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More Butler Basketball

Game Day at Hinkle Fieldhouse

By Bill Kintner

cigarboy@cbsportsbeat.com

December 2nd

Game Day at Hinkle Fieldhouse

It is a cloudy November day in Indianapolis as the fans stream into historic Hinkle Fieldhouse.  Just about everyone seems to be wearing dark blue clothing except for a few fans from the opposing team, Miami University, wearing red.

 

Warming Up For The Game

The hallway that circles the outside of the seating bowl is jammed with fans heading for their seats or the overcrowded concession stands.   Hinkle doesn’t have a big spacious lobby or wide well lit concourses that can handle the crowds that come to see their beloved Bulldogs.  There are no corporate luxury boxes, no fancy score boards, padded seats or cup holders.  As a matter of fact Hinkle doesn’t have any of the modern amenities that fans have become accustomed to in college basketball arenas.   But that doesn’t matter to the about 5000 fans that are here to enjoy today’s game,

 

Hinkle was built in 1928 and at the time it was “the arena” in the basketball crazy state of

Indiana.   Over the years the “Fieldhouse” has been renovated a number of times but it still retains the charm of a 76-year-old gym.   Butler has added seats down low on the sides, but the majority of the seating is still wooden bleachers just like the Palastra in Philadelphia, which was built in 1928.

 

As the fans enter the seating bowl the band is blaring out hits from the last four decades of music.  Having a student pep band and a very good one at that, seems to just fit in with the atmosphere rather than playing recorded rock music like a lot of arenas do.  The dance team looks like the most All-American girls you can imagine.  Smiles from ear-to-ear, no over-bleach blondes, no tattoos and no suggestive out-fits.  Just good clean fun

 

Miami Coach Charlie Coles

As the game gets rolling Miami jumps out to a 9-6 lead.  With each basket that the Bulldogs make the crowd screams louder, the students jump and clap at a faster pace and the atmosphere becomes what makes college basketball so special.  No sushi serving, luxury box, padded seat, corporate NBA arena could ever touch the atmosphere of Hinkle Fieldhouse.   In my book, a bad day at Hinkle is better than a good day at any NBA arena,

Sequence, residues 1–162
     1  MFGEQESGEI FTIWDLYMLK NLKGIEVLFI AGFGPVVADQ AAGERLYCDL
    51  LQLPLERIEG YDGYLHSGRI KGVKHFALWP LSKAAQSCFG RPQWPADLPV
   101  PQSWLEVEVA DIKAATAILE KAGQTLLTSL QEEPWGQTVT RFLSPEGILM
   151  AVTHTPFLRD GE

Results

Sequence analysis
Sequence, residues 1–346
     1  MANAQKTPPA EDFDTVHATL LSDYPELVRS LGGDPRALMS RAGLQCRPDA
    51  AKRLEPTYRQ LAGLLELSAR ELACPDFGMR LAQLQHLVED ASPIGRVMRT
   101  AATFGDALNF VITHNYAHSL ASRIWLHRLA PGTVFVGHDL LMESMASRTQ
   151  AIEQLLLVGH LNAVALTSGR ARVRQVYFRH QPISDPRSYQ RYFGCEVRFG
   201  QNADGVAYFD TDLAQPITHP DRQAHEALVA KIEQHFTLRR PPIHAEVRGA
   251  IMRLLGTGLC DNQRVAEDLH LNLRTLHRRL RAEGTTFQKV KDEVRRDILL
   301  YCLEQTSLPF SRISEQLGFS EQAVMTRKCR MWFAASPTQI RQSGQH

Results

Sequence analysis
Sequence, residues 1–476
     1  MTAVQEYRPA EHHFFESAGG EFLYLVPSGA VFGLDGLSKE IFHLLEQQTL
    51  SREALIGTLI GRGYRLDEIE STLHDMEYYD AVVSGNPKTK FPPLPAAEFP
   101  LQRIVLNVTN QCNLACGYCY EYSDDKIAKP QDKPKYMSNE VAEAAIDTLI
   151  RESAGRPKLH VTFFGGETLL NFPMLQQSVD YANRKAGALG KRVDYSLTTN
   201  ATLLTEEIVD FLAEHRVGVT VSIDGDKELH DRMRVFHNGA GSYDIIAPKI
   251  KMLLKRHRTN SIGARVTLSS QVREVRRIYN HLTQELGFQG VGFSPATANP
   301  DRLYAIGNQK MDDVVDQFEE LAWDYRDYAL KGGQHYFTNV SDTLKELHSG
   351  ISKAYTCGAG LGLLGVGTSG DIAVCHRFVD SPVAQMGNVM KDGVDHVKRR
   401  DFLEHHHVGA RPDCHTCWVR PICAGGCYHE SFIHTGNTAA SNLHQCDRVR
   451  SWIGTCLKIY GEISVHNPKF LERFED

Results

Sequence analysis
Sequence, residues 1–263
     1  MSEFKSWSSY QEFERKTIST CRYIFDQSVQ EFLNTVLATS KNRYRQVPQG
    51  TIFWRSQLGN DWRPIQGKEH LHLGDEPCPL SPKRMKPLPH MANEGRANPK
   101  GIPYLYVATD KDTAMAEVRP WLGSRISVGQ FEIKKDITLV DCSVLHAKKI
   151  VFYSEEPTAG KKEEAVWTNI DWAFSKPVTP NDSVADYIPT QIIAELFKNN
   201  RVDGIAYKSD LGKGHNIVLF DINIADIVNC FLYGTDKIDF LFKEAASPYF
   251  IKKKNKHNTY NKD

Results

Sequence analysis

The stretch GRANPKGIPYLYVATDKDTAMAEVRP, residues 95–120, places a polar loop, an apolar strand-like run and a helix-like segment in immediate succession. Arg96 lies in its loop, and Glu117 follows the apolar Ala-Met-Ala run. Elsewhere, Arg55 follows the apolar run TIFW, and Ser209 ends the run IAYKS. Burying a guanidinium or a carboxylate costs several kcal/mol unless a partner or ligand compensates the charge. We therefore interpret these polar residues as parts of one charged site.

Cazzie Russell

By Butler Sports Information

By half time the score is tied at 21-21.  As the dance team performs I look up into the balcony and see Butler Hall of Famer Ed Schilling sitting with his sidekick Hershel Glass.  I can close my eyes and almost see the nearly six foot, seven Schilling known as the “Big Chill” streaking down the court and pulling up to sink a 12 foot jump shot.  Or elbowing Michigan great Cazzie Russell out of the way to pull down one of the twelve rebounds he averaged a game as a player at Butler.

 

The second half starts and Butler pulls ahead at the 17-minute mark 26-21.  As Miami’s Chet Mason goes streaking by my courtside seat I can imagine what it must have been like to see Oscar Robertson as an Indianapolis high schools player destroying his opponents in the 1950’s at what was then known as the Butler Fieldhouse.

 

As the game goes on Butler begins to methodically break down Miami’s defense.  They start draining treys.  Butler’s Bruce Horan leads the three parade.  He didn’t take a shot inside the arc.  He ended up 5-10 and made a free throw for 16 total points.  You could see a little Steve Alford in him.  Alford as a high school player once scored over 50 points on this same court at Hinkle Fieldhouse.

 

Larry Bird, George McGinnis, Damon Bailey all played games at Hinkle Fieldhouse.  In fact, about every great player that grew up in Indiana played at one time or another in historic Hinkle Fieldhouse.

 

Over the years there has been some incredible shooting on the floor at Hinkle Fieldhouse.  To this day games are still played on the original floor.  In February of 1987 a little guard for Butler named Darrin Fitzgerald lit up Detroit for 54 points.  He went on to score 2019 points making him the second all-time Butler scorer in history.   Even more amazing was on that same team there was a player named Chad Tucker who scored 2321 points to become Butler’s all-time leading scorer

 

How could anyone talk about Indiana basketball without mentioning Bobby Plump?  He is the player from tiny Milan High School who made the shot to beat Muncie Central High School in 1954 Indiana High School Championship game at Hinkle Fieldhouse.  Without that shot there would have been no movie called Hoosiers, which by the way the key game scenes were shot on the court of ………..you guessed it, Hinkle Fieldhouse.   What many people don’t know is that Plump went on to have a stellar career at Butler averaging 16.4 points per game and ending up the tenth all-time scorer in Butler history with 1439 points.